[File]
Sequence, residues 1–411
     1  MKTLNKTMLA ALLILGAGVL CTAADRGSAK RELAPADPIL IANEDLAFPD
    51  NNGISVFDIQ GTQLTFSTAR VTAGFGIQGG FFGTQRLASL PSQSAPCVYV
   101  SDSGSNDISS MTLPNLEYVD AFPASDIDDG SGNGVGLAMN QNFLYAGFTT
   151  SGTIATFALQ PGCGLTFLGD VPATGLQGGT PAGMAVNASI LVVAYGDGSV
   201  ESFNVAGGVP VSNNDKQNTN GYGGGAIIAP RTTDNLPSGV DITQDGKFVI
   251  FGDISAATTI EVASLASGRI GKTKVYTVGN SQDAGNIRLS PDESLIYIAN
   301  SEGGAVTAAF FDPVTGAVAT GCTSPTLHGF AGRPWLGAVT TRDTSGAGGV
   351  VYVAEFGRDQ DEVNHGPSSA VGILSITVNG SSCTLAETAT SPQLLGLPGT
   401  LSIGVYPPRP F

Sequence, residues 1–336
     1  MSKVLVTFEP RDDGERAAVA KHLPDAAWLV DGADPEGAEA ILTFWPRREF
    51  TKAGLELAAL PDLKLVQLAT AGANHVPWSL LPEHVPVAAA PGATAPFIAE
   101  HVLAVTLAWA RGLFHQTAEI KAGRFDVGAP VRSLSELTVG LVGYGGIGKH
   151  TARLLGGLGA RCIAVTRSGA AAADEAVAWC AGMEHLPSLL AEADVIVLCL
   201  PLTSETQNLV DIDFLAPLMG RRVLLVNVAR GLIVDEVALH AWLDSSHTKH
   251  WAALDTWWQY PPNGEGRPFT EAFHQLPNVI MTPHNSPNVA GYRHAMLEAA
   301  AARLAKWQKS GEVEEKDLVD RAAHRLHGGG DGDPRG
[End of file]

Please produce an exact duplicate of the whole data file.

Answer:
Sequence, residues 1–411
     1  MKTLNKTMLA ALLILGAGVL CTAADRGSAK RELAPADPIL IANEDLAFPD
    51  NNGISVFDIQ GTQLTFSTAR VTAGFGIQGG FFGTQRLASL PSQSAPCVYV
   101  SDSGSNDISS MTLPNLEYVD AFPASDIDDG SGNGVGLAMN QNFLYAGFTT
   151  SGTIATFALQ PGCGLTFLGD VPATGLQGGT PAGMAVNASI LVVAYGDGSV
   201  ESFNVAGGVP VSNNDKQNTN GYGGGAIIAP RTTDNLPSGV DITQDGKFVI
   251  FGDISAATTI EVASLASGRI GKTKVYTVGN SQDAGNIRLS PDESLIYIAN
   301  SEGGAVTAAF FDPVTGAVAT GCTSPTLHGF AGRPWLGAVT TRDTSGAGGV
   351  VYVAEFGRDQ DEVNHGPSSA VGILSITVNG SSCTLAETAT SPQLLGLPGT
   401  LSIGVYPPRP F

Sequence, residues 1–336
     1  MSKVLVTFEP RDDGERAAVA KHLPDAAWLV DGADPEGAEA ILTFWPRREF
    51  TKAGLELAAL PDLKLVQLAT AGANHVPWSL LPEHVPVAAA PGATAPFIAE
   101  HVLAVTLAWA RGLFHQTAEI KAGRFDVGAP VRSLSELTVG LVGYGGIGKH
   151  TARLLGGLGA RCIAVTRSGA AAADEAVAWC AGMEHLPSLL AEADVIVLCL
   201  PLTSETQNLV DIDFLAPLMG RRVLLVNVAR GLIVDEVALH AWLDSSHTKH
   251  WAALDTWWQY PPNGEGRPFT EAFHQLPNVI MTPHNSPNVA GYRHAMLEAA
   301  AARLAKWQKS GEVEEKDLVD RAAHRLHGGG DGDPRG